Kissing on the Mouth, Swanberg’s first feature, is perhaps worth a watch quite simply because it arrived at the SXSW festival in Austin, Texas in 2005. That was the same year Andrew Bujalski showed Mutual Appreciation and The Duplass brothers screened The Fluffy Chair at the festival too. This trio of films kicked off what would become known as the mumblecore movement. Thus Kissing on the mouth can be regarded as seminal viewing for those interested in the birth of the independent movie sub genre.
However, in all other respects, this is a movie to skip. Swanberg has freely admitted in interviews that he never set out to create masterpieces and that everyone’s first few films tend to be poor. Kissing on the Mouth is certainly a poor movie. Even for a mumblecore advocate such as I, it is a tedious experience. Ellen is sleeping with her ex-boyfriend, and Swanberg plays her jealous roommate, Patrick. There’s little more plot to it than that and it struggles to even fill its lean 78 minute runtime. The film is also extremely graphic, showing not just penetrative sex but male ejaculation, which honestly adds nothing to the movie. Thankfully Swanberg has toned down the pornographic elements in his more recent films.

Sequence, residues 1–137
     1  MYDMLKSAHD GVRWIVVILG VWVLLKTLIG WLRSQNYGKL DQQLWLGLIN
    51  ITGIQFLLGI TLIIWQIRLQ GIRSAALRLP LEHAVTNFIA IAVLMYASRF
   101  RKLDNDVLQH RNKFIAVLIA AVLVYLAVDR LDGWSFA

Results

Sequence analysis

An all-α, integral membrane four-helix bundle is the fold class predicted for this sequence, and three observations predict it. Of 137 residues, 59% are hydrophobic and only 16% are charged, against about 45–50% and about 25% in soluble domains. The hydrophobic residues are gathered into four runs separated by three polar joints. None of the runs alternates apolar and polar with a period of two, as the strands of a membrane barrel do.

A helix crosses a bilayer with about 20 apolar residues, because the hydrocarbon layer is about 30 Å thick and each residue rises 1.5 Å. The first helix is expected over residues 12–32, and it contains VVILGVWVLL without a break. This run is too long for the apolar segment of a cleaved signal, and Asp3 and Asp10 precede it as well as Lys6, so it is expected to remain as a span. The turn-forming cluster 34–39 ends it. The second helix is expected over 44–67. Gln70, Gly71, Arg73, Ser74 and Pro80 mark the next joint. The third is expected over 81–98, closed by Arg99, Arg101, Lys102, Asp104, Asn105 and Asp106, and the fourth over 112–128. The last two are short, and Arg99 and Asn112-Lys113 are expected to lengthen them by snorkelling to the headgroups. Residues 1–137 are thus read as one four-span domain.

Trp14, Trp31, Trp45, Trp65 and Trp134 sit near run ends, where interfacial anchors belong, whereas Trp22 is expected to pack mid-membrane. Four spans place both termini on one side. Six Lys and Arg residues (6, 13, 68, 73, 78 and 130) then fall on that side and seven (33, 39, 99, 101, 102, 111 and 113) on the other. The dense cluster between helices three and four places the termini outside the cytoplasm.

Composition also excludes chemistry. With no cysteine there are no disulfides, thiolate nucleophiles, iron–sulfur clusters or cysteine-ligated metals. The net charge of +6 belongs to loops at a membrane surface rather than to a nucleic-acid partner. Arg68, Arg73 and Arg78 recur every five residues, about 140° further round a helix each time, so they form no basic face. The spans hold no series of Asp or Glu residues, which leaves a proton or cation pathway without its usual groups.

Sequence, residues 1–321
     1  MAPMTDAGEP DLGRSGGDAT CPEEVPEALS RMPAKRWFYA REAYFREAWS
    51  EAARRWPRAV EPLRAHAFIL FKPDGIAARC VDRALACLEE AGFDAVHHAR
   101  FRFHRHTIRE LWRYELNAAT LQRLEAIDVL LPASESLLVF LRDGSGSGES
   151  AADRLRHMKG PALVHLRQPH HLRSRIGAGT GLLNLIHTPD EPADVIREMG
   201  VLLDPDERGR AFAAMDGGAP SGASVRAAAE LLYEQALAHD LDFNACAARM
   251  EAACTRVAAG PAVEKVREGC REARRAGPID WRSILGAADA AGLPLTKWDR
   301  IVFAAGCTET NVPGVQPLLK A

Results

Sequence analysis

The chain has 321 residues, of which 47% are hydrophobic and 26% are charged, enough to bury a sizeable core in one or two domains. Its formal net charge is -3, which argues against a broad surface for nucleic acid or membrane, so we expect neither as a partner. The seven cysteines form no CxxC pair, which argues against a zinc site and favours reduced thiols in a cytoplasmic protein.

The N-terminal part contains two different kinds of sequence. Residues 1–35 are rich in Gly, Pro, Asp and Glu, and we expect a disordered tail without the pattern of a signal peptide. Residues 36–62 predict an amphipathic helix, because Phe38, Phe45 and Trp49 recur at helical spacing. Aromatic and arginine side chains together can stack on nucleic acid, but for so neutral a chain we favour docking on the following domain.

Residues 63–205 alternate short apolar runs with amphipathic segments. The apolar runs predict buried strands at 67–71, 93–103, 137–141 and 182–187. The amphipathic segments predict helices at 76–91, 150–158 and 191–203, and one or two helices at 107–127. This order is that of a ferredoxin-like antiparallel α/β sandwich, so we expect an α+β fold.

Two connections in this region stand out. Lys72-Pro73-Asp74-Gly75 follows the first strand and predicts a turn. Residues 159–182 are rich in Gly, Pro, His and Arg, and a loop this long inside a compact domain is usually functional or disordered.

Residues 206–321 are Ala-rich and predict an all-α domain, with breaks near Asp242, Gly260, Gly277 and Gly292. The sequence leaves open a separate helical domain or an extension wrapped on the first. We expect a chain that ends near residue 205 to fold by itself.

There are some glimpses of true creative brilliance but they are too few and far between. The interviews that overplay some scenes are extremely intriguing and are clearly meant to have an impact upon Ellen. However, this is never properly explored, and neither is the jealousy of Patrick. There are interesting threads but they are just not expanded upon enough to make the movie consistently watchable. Swanberg improved in later movies such as Nights and Weekends where the themes such as breakups were explored more thoroughly, allowing true character development.
Of all Swanberg’s movies, his first should be essential viewing, but apart from its historical relevance, it is one that is easy to skip.